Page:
Purchasing a house in Toronto—especially if you are a first-time buyer— can be a stressful task. On one hand, you’d need to spend (a lot of) money. On the other hand, there are so many details to pay attention to, to avoid future issues.
Here, we will share some of the most common mistakes made by home buyers, and some suggestions on how you can avoid them.
1. Not Having Your Finances In Place
Buying a house can be a (very) expensive expense. Yes, it is an investment, but it doesn’t mean you shouldn’t prepare a budget ahead and make sure you don’t spend more than you can afford.
Remember that you are not only going to spend on the down payment for the mortgage, but also consider potential closing costs, your monthly mortgage payment, and maintenance and utility costs, among others. Also, if you are purchasing a condo in Toronto, keep in mind that you’ll also need to pay on common expenses fees.
The are various tools online that can help you calculate things like property tax, land transfer tax, and mortgage. Use them to your advantage, and plan your budget ahead.
2. Not Thinking Long Term Enough
This is especially common in first-time home buyers. We are often too focused on buying our dream house at the moment, but the truth is, most first-time buyers will one day purchase a second home. So, considering the resale value of the house is a very important factor.
Will the house attract future buyers in 5 years—or ten—will you need to spend a lot on remodeling in order to sell the house?
3. Not Being Approved for a Mortgage Before Searching for Houses
Get a full approval from a lender before starting your search. Yes, there is a thing called pre-approval and various online sites and tools that can predict your approval rate. However, they are after all, are not final and just a prediction.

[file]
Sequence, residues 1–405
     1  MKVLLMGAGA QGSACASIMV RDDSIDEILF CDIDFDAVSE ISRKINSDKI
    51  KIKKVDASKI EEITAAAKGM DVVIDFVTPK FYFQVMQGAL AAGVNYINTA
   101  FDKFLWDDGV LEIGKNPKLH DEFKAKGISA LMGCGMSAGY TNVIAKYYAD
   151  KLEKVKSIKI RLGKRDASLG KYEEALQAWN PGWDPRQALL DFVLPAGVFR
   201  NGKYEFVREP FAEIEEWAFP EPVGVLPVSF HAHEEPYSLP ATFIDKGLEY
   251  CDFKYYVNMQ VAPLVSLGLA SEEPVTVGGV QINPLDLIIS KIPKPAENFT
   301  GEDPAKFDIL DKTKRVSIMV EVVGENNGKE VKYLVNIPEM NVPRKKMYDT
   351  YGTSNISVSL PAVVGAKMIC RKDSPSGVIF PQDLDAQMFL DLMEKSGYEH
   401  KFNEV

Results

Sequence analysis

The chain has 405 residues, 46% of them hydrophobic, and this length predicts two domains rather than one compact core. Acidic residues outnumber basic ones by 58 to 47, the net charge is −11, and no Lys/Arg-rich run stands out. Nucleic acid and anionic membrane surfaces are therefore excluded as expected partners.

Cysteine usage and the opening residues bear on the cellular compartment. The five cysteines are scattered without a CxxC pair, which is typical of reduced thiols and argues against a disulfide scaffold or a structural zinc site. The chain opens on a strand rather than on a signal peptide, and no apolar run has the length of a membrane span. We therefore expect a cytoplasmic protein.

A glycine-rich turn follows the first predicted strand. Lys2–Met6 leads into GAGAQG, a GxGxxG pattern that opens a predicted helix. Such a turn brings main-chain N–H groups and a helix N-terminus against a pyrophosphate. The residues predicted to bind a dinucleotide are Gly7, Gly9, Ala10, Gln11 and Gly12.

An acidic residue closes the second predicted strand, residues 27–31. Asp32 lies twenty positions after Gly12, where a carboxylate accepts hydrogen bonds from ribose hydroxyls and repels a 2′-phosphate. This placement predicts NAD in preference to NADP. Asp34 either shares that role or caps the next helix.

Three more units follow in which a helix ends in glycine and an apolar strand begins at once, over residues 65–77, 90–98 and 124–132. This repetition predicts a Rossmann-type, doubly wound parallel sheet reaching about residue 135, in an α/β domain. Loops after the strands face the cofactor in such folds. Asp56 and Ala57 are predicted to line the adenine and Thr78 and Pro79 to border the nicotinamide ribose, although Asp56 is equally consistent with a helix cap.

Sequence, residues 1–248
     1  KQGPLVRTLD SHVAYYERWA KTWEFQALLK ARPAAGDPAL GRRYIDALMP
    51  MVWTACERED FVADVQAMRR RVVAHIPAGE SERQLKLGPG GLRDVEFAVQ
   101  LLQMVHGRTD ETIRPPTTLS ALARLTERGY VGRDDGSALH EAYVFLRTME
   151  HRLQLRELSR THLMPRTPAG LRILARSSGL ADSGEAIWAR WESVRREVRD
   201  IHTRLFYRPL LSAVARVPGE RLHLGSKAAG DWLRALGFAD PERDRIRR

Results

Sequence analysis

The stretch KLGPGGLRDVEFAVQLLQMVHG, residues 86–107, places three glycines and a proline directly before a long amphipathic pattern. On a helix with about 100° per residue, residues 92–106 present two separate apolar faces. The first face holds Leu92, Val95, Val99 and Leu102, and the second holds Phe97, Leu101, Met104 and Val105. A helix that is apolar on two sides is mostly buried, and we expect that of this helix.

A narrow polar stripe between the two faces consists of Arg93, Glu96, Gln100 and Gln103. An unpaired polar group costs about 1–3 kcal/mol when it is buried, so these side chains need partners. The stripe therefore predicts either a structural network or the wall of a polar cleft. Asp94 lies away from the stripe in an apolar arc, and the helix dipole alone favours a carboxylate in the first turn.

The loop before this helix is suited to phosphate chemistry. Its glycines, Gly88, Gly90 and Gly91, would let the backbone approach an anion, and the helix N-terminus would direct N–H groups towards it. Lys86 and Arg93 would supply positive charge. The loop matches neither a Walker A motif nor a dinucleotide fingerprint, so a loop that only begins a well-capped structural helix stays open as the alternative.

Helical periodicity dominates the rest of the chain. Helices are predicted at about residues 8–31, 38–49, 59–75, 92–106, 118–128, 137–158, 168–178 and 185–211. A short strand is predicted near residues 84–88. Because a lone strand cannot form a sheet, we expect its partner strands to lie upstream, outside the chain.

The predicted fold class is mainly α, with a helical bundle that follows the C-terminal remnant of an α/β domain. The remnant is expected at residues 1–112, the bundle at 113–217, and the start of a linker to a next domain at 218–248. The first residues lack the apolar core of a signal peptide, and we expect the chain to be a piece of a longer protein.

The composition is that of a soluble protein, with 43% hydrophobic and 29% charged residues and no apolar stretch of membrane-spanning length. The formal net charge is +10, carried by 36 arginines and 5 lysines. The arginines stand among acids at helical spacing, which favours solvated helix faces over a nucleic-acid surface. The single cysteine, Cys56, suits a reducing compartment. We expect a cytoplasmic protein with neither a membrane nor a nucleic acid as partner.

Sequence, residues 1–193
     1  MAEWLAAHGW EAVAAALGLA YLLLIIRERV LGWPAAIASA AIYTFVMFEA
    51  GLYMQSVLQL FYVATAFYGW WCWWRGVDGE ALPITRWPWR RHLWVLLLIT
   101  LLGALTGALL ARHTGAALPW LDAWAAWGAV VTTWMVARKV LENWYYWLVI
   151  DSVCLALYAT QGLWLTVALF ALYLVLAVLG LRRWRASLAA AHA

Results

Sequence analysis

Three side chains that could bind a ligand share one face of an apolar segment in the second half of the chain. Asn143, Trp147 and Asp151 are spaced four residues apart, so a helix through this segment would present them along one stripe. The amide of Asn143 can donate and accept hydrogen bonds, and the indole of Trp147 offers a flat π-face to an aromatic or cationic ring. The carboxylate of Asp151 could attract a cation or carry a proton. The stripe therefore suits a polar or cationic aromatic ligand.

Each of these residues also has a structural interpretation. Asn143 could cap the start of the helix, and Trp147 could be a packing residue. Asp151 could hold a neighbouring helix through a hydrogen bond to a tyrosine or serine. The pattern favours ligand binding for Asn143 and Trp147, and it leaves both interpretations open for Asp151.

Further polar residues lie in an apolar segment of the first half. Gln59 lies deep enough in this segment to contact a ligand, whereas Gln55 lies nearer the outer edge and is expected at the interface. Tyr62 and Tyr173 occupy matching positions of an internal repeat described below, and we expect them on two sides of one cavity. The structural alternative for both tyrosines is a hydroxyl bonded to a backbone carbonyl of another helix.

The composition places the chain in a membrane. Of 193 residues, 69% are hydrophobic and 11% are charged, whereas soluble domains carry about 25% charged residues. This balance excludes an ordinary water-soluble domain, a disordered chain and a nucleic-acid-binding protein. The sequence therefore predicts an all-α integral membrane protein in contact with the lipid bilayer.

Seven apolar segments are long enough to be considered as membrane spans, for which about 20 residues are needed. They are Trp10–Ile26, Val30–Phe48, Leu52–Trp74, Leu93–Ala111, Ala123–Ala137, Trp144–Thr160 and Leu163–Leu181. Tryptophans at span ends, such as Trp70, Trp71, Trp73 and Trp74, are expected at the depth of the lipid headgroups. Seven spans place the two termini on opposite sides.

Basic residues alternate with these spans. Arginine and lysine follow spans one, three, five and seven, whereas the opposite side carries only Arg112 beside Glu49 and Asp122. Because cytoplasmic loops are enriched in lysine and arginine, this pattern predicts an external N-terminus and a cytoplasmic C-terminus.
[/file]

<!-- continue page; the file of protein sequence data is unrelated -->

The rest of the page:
Consult with a bank or mortgage lender in Toronto, let them check your credit and verify things like your available downpayment, employment status and so on. This way, you’ll know for sure how much you can borrow—and spend on a house—which will tremendously help with your house searching.
4. Not Searching Enough
More often than not, a first-time buyer rely solely on real-estate sites and apps, as well as open houses they stumbled upon in their search for a house.
However, there are other options we can utilize, for instance, by engaging with a real estate agent. It’s also a common misconception to think that a real estate agent’s fees will be an extra burden. In fact, buyers typically won’t need to spend anything.
The real estate agent can provide unique opportunities like non-public listings, and you can also discuss your preferences and let them help with the search for your dream house.
It’s also important to find the right real estate agent for you, so meet at least a few different realtors before making your choice.
5. Skipping Home Inspection And Not Making the Most of It
This is a pretty wide subject. First, remember that when you bought a used house, the seller is only responsible with the current condition when you bought the house.
This is where a home inspection is very important. The seller might provide you with a home inspection report, but since the home inspection industry isn’t closely regulated, check whether the home inspector is from a trustworthy company. If not, you might want to hire your own to inspect the house.